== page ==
Police test footprint near scene of Outback attack

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The Independent Online

Police investigating the attack on two British tourists in the Australian Outback conducted forensic tests yesterday on a footprint found near the scene.

Peter Falconio, 28, has not been seen since he and his girlfriend, Joanne Lees, 27, were held up by a gunman as they travelled in their camper van on a remote desert highway 175 miles north of Alice Springs nine days ago. The man flagged the couple down, and Ms Lees heard what she thought was a gunshot after Mr Falconio, a building surveyor from Huddersfield, got out to speak to him.

She was then punched in the face, bound, gagged and thrown into the man's pick-up truck. But she managed to escape and spent six hours hiding in desert scrub while he searched for her with his dog and a flashlight. She then stumbled back on to the highway, where she waved down a lorry.

The footprint was found near the scene of the attack at Barrow Creek, and a cast of it was taken for forensic examination. A Northern Territory police spokeswoman said it was not yet clear whether it was connected with the incident.

Police say that the chances of finding Mr Falconio alive are bleak. Despite one of the biggest manhunts ever launched in Australia, the only trace found of him so far has been a pool of blood on the highway. DNA tests conducted on his father, Luciano, and brother, Paul, suggest that the blood would have come from him.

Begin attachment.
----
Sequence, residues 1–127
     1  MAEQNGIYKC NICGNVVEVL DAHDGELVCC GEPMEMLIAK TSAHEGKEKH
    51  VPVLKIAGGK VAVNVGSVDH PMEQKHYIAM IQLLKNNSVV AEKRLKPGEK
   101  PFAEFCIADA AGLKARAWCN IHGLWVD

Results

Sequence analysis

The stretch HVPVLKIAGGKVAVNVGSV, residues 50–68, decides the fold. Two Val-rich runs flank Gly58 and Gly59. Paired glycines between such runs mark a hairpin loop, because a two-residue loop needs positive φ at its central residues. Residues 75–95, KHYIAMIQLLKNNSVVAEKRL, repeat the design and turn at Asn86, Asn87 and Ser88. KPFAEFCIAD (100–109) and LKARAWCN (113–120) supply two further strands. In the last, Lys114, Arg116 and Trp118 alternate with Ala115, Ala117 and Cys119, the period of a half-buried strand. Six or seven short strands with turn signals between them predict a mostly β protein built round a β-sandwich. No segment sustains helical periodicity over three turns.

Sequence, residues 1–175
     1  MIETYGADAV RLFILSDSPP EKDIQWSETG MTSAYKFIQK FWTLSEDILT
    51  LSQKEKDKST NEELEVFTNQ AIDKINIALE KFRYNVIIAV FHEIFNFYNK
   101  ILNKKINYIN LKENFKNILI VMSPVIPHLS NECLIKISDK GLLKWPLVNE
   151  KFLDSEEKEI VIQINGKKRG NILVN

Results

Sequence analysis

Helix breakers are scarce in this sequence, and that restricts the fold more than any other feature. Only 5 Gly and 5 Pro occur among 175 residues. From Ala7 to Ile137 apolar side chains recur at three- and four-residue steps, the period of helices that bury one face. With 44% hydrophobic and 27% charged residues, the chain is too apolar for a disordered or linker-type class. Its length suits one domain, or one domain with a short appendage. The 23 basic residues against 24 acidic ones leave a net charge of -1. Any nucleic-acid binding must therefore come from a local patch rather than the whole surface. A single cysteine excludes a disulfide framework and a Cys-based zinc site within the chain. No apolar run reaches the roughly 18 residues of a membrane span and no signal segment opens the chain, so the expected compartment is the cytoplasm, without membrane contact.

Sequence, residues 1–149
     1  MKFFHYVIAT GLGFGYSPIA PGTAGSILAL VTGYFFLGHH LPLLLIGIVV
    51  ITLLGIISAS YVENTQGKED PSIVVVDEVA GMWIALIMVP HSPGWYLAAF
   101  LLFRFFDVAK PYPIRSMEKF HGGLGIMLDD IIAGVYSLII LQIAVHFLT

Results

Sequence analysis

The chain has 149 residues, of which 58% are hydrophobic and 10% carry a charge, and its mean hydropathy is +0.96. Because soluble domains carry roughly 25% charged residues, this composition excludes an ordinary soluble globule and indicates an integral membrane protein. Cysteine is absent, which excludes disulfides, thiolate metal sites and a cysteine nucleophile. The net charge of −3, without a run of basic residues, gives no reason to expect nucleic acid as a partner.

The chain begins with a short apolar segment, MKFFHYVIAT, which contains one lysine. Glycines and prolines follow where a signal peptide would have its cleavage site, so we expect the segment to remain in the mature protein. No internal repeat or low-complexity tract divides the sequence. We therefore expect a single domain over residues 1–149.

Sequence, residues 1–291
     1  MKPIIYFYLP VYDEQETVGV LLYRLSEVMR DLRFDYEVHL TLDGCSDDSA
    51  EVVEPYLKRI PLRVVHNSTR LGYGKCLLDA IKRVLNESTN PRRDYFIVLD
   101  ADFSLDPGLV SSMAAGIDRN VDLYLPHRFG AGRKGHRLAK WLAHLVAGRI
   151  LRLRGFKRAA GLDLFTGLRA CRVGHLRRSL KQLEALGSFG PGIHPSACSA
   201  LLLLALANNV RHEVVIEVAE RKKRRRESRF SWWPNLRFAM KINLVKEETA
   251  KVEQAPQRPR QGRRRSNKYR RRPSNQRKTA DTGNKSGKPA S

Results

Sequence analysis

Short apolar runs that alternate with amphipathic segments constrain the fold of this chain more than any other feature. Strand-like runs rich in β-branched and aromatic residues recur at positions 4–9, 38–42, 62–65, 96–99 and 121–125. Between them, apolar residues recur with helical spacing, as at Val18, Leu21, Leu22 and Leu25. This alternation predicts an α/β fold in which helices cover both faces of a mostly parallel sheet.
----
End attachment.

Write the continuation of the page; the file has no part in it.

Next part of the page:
Aboriginal trackers, who have been helping police to hunt for Mr Falconio and the gunman, continued to search bush tracks in the Barrow Creek area yesterday.

Police indicated yesterday that they had potentially crucial information that they have not publicly disclosed because they did not want to tip off the gunman, who could be monitoring media reports about the case.

They said they had several leads following a flood of calls from the public in response to a request for information, but declined to give details. Police Commander Max Pope said detectives were keeping certain information to themselves. "I guess that the gunman is trying to monitor what we're doing if he is listening to the media, but I can assure him that we aren't telling the media everything," he said.

Police urged people yesterday to contact the authorities if they had attended camel races in Alice Springs on the day of the attack and might have seen the gunman or the British couple there.

Police have released a sketch of the suspect and his vehicle, a white four-wheel-drive truck with a chrome bullbar. The truck appears to have been customised, with an opening added that links the cabin with the back.

Roadblocks have been mounted across the Northern Territory, and police in aeroplanes and helicopters and on motorcycles are attempting to search 386,000 square miles of desert, an area more than twice the size of France. The attack has stretched police resources in the Northern Territory, which has a tiny force of 989 officers for a region with the highest murder rate in Australia.

Police are considering the possibility that the couple were followed and trapped by a stalker who was obsessed with Ms Lees, but say that the theory is a "last resort".

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